(1) AHOM got answered based on wordplay alone (hidden reversed in 'Mohandas') and a guess that this must be an 'old kingdom'.
(2) Most solvers did not pause to parse what "Bibi" was doing in the CHANDELIER clue. They saw the crossings, they saw LIE – and dunked the answer in.

Pictures we clicked before the start of the game:

IXL 2014 Participants and Audience 
A mixed bunch - contestants, organisers and members of the audience. (L to R) Kishore, Rahmat, Sohrab (the youngest finalist, just out of school), Venkatesh, Shachii, Shuchi, Nagendra, Satyadeo, Padmasree, Jose, Bhargav, Chaturvasi (Rishi), Colonel Gopinath, Ramki, Arvind.

Sowmya Ramkumar Shuchismita Upadhyay 
First non-virtual meeting with Sowmya Ramkumar.

IXL 2014 Colonel Gopinath
The participants exchange pleasantries. The “Chief Arbiter" (ahem) strikes a pose.

IXL 2014 Finalists 
"The Early Birds" – 13 of 20 (?) Finalists Group Photo: IXL Finalists who traveled from other cities/countries reached the venue before most of the residents of Bangalore did. (L to R) Arvind, Vinayak, Kishore, Ramki, Jose, Sowmya, Prithwiraj, Anish, Venkatesh, Rahmat, Shachii, Sohrab, Abhay, Shuchi.

Close to noon, we walked in to the auditorium and took our seats. 

IXL 2014 Lahar Appaiah 
Lahar (apologies for the out-of-focus face) meets THC setter Gridman (Rishikesh).

On a Break

After the prelim round was a short break while the judges shortlisted the candidates for the on-stage round.

IXL 2014 Tea Break
Post-solving notes exchange?

Abhay Phadnis
Abhay Phadnis taking his wife over some of the clues of the prelims crossword.

IXL 2014 Tea Break 
Banter during the break. Ajeesh looks happy!

Final Round

The top six of the prelims went in for the final on-stage round: Sanjay Vinoo, Ramki Krishnan, Arvind Ramaswamy, Mohsin Ahmed, Kishore Rao and Abhay Phadnis. This round was much the same as last year's: interactive solving of a crossword displayed on screen, in which the clues were put to the contestants one-by-one in quiz style. This time, the infinite bounce format was used, and participants had to attempt two grids instead of one.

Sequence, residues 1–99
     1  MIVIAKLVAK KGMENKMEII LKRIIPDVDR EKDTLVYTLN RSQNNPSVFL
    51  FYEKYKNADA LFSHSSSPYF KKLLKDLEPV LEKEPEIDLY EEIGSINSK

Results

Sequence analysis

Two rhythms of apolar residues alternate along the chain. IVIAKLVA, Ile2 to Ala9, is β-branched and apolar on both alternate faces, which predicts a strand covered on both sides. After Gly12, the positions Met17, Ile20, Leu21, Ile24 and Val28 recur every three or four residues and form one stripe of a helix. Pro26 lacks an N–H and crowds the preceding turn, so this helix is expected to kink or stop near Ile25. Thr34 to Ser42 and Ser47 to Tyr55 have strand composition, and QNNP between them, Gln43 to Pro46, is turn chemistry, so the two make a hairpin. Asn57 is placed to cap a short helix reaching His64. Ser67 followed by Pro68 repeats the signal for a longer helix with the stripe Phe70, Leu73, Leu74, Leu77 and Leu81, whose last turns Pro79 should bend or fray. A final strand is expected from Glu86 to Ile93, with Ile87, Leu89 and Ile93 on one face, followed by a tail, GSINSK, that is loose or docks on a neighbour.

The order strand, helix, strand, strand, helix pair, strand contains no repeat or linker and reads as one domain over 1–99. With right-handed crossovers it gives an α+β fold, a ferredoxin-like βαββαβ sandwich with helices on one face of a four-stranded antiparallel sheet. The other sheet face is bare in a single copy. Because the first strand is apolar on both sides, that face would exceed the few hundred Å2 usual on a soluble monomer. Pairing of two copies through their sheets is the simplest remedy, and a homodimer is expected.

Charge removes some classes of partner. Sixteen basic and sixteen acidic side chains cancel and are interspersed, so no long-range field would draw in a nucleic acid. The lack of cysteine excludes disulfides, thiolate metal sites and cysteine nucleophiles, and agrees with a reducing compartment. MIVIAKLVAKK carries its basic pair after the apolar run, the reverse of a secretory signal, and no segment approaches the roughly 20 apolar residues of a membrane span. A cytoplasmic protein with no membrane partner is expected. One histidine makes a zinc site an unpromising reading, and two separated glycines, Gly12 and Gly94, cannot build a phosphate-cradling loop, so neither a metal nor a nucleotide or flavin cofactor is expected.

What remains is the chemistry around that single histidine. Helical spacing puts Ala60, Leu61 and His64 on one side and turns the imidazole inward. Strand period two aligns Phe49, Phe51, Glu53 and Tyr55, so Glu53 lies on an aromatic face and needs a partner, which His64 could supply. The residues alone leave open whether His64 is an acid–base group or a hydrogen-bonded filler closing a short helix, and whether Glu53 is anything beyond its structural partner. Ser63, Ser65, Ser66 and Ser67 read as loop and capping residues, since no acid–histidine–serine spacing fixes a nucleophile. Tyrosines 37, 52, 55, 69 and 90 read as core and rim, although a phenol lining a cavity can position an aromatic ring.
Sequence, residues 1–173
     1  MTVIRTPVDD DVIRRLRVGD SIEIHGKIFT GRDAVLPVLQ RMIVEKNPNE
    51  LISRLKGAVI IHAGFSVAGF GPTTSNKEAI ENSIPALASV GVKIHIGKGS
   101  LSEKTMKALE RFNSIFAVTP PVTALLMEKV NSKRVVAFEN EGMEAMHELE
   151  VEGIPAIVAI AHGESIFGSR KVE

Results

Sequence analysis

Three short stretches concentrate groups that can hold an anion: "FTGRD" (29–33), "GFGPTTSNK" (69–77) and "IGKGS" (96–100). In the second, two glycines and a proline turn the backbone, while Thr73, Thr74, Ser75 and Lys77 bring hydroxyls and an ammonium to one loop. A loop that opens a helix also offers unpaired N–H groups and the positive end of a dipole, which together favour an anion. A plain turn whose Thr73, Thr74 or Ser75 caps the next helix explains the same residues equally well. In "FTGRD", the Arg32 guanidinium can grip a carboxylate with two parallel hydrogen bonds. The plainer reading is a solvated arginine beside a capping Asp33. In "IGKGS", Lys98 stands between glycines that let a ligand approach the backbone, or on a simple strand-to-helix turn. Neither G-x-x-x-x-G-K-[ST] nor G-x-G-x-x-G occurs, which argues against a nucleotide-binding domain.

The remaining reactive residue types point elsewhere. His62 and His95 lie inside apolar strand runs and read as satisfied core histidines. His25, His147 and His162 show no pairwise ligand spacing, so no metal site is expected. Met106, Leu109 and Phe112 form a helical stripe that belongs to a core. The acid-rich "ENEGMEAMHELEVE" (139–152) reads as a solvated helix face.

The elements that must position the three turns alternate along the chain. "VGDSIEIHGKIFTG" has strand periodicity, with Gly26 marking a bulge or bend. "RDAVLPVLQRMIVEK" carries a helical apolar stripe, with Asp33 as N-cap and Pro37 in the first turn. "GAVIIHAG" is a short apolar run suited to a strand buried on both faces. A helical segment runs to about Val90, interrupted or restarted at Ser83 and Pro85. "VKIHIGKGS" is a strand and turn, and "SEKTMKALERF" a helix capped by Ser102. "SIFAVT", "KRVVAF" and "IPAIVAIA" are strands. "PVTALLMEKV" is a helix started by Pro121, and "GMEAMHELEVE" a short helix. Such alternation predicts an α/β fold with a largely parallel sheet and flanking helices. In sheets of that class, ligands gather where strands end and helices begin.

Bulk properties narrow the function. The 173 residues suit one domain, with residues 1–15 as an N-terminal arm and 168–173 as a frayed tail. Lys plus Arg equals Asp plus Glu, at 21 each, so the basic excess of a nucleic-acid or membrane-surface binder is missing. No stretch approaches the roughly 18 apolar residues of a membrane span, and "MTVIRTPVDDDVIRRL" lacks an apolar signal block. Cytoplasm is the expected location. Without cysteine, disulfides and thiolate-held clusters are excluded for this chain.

First clue of the on-stage final: Rough soundtrack (6), which Vinoo passed and Ramki cracked with ease.

We witnessed some top-notch solving in the final round. Applause-worthy were Ramki's ACCREDIT and COARSE, Mohsin's WIRELESS and GALLIUM (done without checkers, despite an error in the clue!), Kishore's EMIR, and the unsolved question passed to the audience - Prithwiraj's GESTURES. And then there was there that 'googly' clue, which nobody could answer [Hang outside stellar body (7)].

The Down clues were easier with the checkers from the Across clues in place.

IXL 2014 Final Grid
Clue 6d: Take back with reference to demand (7) _E_L_I_

At the end of the on-stage round, Kishore, Arvind and Ramki were tied with the same score for the top position. The prelim round performance was considered as the tie-breaker, which led to this order of the top three:

1. Ramki Krishnan (the winner)
2. Arvind Ramaswamy
3. Kishore Rao

Ramki Krishnan wins IXL 2014
The winner's name is announced.

Top 6 IXL 2014
IXL 2014 Top Six with the organisers

IXL 2014 Group Ic 
At the end, a day well spent.

[Update (23-Dec-2014)]

Q&A with the IXL 2014 Champion Ramki Krishnan

In between phone calls and congratulatory messages, Ramki sportingly made time for a quick Q&A with CU after his win.

Q. How did you start on your crossword journey?